In World War 2, whenever our planes went on a big bombing run it was assumed there would be collateral damage around the target.

That kind of mass destruction was carried out Monday when the NCAA leveled its punishments against Penn State for the Jerry Sandusky sex abuse scandal. The devastation to the football program and to the State College business community will be felt for years, perhaps decades. Although the newly-seated current regime was braced for expected "unprecedented" sanctions that were to come down, the scope of the punishment staggered many inside and outside the university.

NCAA President Mark Emmert was right in redirecting the priorities not only on the PSU campus, but for all of college football.

"The fundamental message here, the gut-check message is, do we have the right balance in our culture?" he asked. "Do we have, first and foremost, the academic values of integrity and honesty and responsibility as the drivers of our university? Or are we in a position where hero worship and winning at all costs has subordinated those core values?"

The worshipping of teams and individual players has indeed gotten out of hand in our culture, and not only at Penn State. There usually comes a day of reckoning for individual sports stars or big-time sports programs with that "too big to fail" mentality.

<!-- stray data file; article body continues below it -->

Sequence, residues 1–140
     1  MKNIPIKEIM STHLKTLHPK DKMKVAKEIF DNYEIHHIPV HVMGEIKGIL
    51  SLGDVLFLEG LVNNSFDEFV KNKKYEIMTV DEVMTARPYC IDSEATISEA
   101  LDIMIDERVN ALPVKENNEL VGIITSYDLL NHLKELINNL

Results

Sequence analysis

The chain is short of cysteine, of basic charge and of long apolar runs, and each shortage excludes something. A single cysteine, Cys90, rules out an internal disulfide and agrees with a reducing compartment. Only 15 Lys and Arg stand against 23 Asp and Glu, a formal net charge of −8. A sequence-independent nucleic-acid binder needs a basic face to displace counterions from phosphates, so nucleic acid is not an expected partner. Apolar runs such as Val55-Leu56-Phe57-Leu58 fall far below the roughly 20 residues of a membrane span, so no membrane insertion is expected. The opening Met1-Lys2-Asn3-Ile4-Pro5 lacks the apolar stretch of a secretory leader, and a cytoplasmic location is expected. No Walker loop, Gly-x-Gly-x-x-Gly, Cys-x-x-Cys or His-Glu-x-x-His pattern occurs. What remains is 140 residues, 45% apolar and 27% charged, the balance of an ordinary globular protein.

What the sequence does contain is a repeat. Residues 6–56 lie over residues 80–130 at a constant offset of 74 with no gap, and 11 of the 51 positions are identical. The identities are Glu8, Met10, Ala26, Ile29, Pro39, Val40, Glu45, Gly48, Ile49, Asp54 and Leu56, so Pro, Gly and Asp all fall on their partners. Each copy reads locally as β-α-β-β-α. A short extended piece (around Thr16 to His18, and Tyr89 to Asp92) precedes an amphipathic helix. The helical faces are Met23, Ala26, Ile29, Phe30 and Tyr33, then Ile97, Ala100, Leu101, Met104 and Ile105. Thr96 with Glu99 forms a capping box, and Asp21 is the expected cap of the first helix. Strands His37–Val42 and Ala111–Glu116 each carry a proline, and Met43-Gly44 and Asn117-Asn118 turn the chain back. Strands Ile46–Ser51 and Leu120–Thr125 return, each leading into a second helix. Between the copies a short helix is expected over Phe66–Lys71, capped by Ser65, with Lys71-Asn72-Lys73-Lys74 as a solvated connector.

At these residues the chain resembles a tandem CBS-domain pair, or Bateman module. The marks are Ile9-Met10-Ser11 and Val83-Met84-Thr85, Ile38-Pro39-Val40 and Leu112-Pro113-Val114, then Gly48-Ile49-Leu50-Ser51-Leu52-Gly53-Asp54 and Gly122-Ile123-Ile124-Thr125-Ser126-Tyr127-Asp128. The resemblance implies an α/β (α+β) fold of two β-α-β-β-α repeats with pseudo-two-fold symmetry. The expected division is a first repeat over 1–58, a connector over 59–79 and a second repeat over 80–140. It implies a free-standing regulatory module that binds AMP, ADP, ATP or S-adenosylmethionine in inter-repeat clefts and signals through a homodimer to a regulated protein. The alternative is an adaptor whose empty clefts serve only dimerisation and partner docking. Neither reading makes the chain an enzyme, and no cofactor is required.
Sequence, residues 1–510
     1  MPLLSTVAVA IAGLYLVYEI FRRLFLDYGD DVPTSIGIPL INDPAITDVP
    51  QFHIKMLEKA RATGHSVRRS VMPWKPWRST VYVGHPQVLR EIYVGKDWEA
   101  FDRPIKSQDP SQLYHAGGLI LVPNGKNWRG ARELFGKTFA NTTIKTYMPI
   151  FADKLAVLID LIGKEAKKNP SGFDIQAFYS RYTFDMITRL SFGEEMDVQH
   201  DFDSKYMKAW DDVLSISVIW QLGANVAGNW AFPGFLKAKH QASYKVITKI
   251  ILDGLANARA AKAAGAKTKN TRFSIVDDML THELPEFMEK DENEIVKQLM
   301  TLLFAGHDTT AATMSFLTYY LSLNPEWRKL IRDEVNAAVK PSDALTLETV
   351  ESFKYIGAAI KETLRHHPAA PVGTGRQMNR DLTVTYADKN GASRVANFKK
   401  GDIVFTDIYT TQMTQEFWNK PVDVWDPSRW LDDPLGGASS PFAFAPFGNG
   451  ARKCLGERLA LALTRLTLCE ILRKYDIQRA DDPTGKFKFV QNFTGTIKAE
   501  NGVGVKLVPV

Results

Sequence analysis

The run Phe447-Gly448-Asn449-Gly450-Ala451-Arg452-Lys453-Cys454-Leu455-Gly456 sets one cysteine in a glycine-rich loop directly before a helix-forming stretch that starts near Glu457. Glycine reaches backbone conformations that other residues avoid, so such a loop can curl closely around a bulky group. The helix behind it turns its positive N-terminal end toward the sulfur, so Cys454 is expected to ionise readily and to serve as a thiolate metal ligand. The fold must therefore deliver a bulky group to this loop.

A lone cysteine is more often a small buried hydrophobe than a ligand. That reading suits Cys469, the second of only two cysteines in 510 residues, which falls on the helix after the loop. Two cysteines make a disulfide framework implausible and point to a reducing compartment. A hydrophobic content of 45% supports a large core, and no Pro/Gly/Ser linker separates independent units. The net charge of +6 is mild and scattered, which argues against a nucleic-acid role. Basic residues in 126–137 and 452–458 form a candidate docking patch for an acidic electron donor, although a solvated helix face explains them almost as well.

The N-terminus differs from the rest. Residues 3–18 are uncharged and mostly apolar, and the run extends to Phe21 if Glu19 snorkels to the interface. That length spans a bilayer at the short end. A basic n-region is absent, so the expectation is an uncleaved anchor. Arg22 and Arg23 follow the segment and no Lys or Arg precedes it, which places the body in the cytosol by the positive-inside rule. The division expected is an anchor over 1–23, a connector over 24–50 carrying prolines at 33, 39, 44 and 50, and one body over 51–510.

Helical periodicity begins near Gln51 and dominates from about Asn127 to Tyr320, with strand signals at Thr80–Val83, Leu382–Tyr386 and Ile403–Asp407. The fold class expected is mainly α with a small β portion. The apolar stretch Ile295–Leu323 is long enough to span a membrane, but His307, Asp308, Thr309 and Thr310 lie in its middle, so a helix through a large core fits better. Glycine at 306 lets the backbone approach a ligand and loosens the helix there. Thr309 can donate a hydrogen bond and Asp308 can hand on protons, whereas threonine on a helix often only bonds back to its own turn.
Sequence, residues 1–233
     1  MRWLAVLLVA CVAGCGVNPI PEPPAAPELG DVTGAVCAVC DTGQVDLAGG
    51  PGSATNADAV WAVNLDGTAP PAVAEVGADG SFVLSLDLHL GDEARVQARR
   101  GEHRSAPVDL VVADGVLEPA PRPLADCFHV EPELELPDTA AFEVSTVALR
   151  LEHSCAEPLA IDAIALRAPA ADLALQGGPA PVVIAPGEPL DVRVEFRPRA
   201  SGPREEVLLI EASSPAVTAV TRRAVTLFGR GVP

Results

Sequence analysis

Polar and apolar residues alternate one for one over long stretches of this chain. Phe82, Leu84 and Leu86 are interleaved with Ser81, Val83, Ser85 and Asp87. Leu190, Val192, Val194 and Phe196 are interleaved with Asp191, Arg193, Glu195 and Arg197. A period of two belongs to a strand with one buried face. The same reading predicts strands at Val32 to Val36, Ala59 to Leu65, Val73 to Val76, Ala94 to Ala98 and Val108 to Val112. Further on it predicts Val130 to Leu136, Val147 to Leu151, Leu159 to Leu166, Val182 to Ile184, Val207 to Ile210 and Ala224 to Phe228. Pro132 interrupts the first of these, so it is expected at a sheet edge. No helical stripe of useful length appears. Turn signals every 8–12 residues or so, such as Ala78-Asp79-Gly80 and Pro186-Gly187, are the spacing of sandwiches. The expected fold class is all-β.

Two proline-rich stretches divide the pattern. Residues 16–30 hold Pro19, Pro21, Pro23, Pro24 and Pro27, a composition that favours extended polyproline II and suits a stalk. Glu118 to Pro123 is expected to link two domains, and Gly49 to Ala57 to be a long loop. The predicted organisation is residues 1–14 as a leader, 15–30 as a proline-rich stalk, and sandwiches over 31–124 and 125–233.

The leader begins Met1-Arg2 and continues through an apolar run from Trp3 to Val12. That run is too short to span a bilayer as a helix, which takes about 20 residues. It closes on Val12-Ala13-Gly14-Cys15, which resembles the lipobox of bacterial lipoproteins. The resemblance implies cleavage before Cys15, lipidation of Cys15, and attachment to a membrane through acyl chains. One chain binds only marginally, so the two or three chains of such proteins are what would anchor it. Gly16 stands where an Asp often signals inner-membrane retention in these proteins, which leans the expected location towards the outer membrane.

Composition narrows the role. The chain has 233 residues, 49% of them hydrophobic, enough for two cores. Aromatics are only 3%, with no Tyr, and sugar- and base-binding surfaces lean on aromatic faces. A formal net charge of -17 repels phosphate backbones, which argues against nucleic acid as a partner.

The NCAA penalties gutted all segments of the Penn State program and for all the former and current athletes who had nothing to do with the scandal, it's especially hard to take.

If, a year ago, someone had said that within a 24-hour period Penn State would remove the Paterno statue and that the NCAA would then take away 112 of his coaching wins, we have thought the person was crazy. By erasing all the football victories from 1998-2011, the NCAA made a direct hit on the Paterno legacy.

Players of that era who gave their all on the field during that 14-year period have reason to be upset. After Monday's announcement, Adam Taliaferro, who recovered from a paralyzing hit on the field in 2000 and is now on the school's board of trustees, tweeted about the NCAA attempting to erase games that means so much to the players who gave it all on the field.

" ... I got the metal plate in my neck to verify it did..I almost died playing 4 PSU..punishment or remedial?" he noted.

The financial impact both inside the university and on the outside, where so much of the State College economy is dependent on Saturday football in the fall, is enormous.

The loss of 10 scholarships a year for four years, is equally brutal. Attracting top recruits to Penn State will be especially hard and providing the roster depth required to be competitive in the Big Ten Conference is severely impacted by the loss of scholarships.

The NCAA may have spared Penn State the "death penalty", such as what SMU received in 1987 when it had to cancel its entire season after a pay-to-play scandal but in some ways Monday's punishment against Penn State is worse since the effects will linger for years to come. It's been 25 years since the SMU penalty was handed down and that program has never fully recovered.

No facet of Penn State's football-rich tradition past, present or future was spared by the NCAA judgment on Monday. One writer accurately termed it "a slow-death" penalty.

By Jim Zbick

jzbick@tnonline.com [1]